Wells Operatic Society Ltd

Location Wells
Contact Pauline Perrin - treasurer@wellslittletheatre.com
Rehearsal Venue Wells Little Theatre

Everyone at Wells are passionate about performing arts, from plays to musical theatre. For nearly 120 years we have been entertaining audiences with our award-winning plays, musicals and pantomimes.

We hope you enjoy reading about our upcoming productions and also looking back at our previous ones. Don’t forget to follow us on FacebookInstagram and Twitter.

The Society

The Society was formed in 1901 with its first performance in 1902 and was then referred to as Wells Operatic Society. In those days, the Society performed only one show a year, mainly Operas. Not having a theatre of its own, the Town Hall was used for its productions. Not having a theatre of its own, the Town Hall was used for its productions. Shows continued each Easter until 1914, after which WW1 put an end to them. At the same time, the Society became affiliated to NODA (National Operatic and Drama Association). Shows carried on until 1938, until WW2 got in the way. The Society was restarted in 1950 and productions were moved to the Regal Cinema, where it continued to present an annual Opera or Operetta. In 1978 the Society became a Limited Company and a registered charity. Now, The Society typically produces four amateur productions a year, along with other theatrical events by touring companies.

The Building

In 1969 The Society was offered the option to purchase the freehold of the current building from Mendip District Council. The building became our home and is known to all as 'The Little Theatre'. Previous to that, the building was best known as the boy's building of Wells Blue Grammar School. When the Society purchased the building, considerable work was required to change the interior from rows of classrooms to space for the stage, auditorium, dressing rooms and a licensed bar. Later, the rear part of the auditorium was raised so that people in the rear seats had a better view of the stage. Over the years, an orchestra pit was created, the stage right wings were added, and the auditorium was given a total refurbishment.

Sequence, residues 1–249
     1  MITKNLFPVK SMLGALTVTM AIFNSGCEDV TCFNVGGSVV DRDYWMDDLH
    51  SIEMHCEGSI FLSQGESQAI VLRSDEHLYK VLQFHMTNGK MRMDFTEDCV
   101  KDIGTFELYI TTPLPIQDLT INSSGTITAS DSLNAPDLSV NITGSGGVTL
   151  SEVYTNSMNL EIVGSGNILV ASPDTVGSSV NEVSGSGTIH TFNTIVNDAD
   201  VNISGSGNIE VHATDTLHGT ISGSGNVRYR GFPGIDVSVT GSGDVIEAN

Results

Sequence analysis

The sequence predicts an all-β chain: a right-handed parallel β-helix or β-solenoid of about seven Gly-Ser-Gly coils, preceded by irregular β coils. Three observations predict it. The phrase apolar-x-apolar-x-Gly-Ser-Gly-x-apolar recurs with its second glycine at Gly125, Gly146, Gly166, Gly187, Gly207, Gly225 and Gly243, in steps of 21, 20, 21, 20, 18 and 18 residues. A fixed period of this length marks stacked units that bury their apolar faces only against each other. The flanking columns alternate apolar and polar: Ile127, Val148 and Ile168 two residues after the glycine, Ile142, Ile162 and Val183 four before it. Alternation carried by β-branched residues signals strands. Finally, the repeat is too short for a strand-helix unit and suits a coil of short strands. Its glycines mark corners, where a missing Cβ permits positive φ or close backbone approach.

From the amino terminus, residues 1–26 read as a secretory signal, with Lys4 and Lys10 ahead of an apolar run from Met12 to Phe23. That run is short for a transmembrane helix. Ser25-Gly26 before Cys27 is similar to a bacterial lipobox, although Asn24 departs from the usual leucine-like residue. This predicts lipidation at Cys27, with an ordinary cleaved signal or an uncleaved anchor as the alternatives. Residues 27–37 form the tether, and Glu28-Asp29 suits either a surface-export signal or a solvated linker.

The theatre is largely dependent on voluntary contributions. Except for a few specialised trades, members of the society carry out almost all maintenance and refurbishment work in their spare time. We are lucky to have such skilled and talented members who are prepared to donate their valuable time. Running our building, even before considering the cost of staging shows, costs in the region of £300 per week. This covers electricity, heating, telephone, and all the essential repairs and maintenance. Work beyond the scope of our members is, wherever possible, given to local traders. The theatre is also hired out for dance training and meetings for various organisations.